I read a great book called Affluenza, which examines the way we spend our money in Australia, and it included quite a few tidbits of eye-opening information for me. The authors point out that the government says we’ve had a good year if we’ve experienced economic growth – that is, if we as a society spent more money than we spent the year before. The only measure of “success” is this – financial – there is no attempt to measure wellbeing, health, contentment or other indicators of a successful society. Similarly, on a personal level, most Australians aspire to financial growth – ie to earn more than we do currently, to own more or more expensive stuff, and to move into a bigger house in a better area when possible. This attitude that “growth is good” forms the backbone of our lives, for most of us.

The government and the marketplace work hard to establish this attitude and keep us operating this way. Much of the message is achieved through advertising. Advertisers, rather than giving us factual information about a product, strive to make us feel discontent with our current situation, and aim to build anxiety and uncertainty, which leads to buying more.

Interestingly, although most Australians believe our society is too consumerist and too materialistic, most of us believe that we as individuals are not, and that we have barely enough money to meet our basic needs. This holds true regardless of how much we earn: most Australians have come to see luxuries as basic necessities, and we deny that our purchases are materialistic. Advertisers capitalise on this, by telling us “You deserve it”, whether it’s a holiday we can’t afford or a fashionable piece of clothing.

When large corporations worried that we might stop spending, they introduced the credit card, so that we could spend money we hadn’t even earnt yet. The convenience of the credit card has led to a culture of instant gratification, which will have to be paid for later. Australians pay for their debts by working longer hours than workers in any other country in the world. These long work hours are causing individuals numerous problems – relationship breakdowns, children who long for more time with their parents, depression, fatigue, ill health, and an obsession with money. Even though most Australians would like more time with their family and friends, this goal is often deferred until later in life (generally retirement), while long hours are put in now to pay for luxurious “basic necessities”.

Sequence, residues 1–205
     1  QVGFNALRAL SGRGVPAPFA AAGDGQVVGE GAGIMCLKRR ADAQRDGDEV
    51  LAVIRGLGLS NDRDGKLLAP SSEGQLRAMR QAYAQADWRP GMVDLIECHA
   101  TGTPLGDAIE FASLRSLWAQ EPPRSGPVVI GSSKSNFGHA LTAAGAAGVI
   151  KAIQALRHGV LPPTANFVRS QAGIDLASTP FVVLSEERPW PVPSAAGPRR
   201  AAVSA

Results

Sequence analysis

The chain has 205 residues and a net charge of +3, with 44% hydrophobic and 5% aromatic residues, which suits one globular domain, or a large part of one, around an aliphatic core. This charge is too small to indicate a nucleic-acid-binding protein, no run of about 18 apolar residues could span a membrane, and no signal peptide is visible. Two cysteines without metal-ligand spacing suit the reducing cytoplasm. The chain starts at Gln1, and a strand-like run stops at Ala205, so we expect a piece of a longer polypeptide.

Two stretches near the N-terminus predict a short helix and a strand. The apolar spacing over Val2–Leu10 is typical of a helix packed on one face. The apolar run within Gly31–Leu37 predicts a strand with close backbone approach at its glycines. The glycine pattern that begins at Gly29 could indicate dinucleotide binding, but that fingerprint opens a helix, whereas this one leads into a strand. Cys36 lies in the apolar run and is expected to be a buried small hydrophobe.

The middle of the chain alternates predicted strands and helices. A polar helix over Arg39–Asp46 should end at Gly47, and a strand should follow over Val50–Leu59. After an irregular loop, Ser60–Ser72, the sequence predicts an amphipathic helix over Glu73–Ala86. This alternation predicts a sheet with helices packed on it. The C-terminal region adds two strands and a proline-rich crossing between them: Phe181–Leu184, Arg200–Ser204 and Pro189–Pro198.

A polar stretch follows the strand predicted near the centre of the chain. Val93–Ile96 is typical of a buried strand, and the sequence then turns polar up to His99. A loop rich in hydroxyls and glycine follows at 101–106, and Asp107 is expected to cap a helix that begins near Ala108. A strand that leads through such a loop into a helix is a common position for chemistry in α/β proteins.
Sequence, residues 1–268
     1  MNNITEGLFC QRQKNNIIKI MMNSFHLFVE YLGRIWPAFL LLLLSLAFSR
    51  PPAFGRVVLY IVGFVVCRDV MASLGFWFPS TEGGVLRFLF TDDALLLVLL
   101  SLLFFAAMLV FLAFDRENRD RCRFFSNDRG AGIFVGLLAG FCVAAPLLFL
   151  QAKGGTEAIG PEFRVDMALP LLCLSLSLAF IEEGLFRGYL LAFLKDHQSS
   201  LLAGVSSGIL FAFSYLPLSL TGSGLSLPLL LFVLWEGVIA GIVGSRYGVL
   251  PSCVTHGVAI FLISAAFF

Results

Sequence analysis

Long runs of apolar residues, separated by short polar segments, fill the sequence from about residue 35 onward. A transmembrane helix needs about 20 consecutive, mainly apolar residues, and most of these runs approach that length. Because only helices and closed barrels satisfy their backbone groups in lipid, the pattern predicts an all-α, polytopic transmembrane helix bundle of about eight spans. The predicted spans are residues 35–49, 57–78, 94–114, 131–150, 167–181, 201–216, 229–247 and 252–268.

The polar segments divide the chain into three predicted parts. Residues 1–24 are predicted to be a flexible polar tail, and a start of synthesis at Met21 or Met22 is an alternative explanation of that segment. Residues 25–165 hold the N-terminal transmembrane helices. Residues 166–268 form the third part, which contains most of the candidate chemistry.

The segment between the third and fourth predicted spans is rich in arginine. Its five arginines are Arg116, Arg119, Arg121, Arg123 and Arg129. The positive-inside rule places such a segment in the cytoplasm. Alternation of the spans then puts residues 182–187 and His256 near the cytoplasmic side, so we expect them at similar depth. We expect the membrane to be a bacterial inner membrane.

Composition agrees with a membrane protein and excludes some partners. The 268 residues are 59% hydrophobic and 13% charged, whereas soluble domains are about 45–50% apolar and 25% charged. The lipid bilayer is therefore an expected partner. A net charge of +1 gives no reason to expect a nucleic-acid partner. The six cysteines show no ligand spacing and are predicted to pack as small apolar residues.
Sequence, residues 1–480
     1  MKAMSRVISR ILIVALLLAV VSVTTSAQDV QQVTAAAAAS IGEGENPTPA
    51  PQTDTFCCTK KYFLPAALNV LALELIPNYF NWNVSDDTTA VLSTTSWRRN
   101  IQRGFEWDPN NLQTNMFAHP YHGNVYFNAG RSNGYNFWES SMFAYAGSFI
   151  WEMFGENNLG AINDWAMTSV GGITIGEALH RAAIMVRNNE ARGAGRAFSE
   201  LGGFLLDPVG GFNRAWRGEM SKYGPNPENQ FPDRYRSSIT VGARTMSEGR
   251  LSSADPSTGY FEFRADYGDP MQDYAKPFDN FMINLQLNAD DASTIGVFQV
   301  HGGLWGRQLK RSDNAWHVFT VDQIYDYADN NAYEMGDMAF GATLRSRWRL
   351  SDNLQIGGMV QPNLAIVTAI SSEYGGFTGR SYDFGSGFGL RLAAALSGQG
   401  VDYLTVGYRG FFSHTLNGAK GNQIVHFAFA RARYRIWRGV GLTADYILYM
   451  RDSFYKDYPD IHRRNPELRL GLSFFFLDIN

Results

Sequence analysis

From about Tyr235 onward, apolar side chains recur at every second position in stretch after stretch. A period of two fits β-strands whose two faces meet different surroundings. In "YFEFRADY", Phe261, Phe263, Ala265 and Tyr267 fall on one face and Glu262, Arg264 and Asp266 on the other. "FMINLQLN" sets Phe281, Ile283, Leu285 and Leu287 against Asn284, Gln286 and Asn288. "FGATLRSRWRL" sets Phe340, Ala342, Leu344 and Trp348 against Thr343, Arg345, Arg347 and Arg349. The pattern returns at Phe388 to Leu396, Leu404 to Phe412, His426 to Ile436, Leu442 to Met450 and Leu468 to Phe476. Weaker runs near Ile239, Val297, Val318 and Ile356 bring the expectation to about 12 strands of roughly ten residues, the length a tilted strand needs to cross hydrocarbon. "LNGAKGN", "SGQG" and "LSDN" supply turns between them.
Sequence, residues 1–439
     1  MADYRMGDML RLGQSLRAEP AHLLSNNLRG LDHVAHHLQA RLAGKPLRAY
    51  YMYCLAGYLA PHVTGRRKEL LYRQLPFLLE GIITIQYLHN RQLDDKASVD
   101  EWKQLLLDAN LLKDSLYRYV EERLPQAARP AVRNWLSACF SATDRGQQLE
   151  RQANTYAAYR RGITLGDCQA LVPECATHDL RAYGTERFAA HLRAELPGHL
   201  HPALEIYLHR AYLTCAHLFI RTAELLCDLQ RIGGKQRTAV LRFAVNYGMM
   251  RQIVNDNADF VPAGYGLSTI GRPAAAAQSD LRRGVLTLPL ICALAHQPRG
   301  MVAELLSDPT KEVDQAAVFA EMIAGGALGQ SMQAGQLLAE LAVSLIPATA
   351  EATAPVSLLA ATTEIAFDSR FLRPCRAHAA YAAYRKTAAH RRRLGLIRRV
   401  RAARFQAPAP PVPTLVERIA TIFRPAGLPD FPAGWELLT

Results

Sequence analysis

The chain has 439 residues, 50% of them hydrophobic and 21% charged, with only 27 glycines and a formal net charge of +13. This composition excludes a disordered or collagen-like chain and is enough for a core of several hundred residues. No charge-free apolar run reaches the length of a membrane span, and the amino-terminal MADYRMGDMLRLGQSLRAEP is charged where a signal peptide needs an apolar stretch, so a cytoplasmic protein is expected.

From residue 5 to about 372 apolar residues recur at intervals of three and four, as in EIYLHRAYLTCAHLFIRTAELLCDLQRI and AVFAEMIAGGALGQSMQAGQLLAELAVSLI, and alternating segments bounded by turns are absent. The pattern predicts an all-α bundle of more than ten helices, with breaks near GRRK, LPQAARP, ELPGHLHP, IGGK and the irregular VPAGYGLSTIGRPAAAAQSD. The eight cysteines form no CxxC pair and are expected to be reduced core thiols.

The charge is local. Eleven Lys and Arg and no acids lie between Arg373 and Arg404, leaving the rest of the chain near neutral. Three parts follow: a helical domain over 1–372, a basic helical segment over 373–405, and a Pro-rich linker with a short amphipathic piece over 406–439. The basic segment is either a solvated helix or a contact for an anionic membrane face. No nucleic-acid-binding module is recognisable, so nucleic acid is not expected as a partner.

Almost one quarter of Australian adults, however, have decided to step outside of this cultural model, and “downshift”. Lacking public role models for this, we each operate in isolation, often with the disapproval of those around us, despite the fact that so many of us are doing it. Downshifting means working less hours, working for less pay, and/or consciously consuming less than before. While the income drop can be challenging, especially at first, 90% of downshifters end up with less stress, more time for meaningful activities, better community networks and participation, less anxiety – and the obsession with money generally melts away.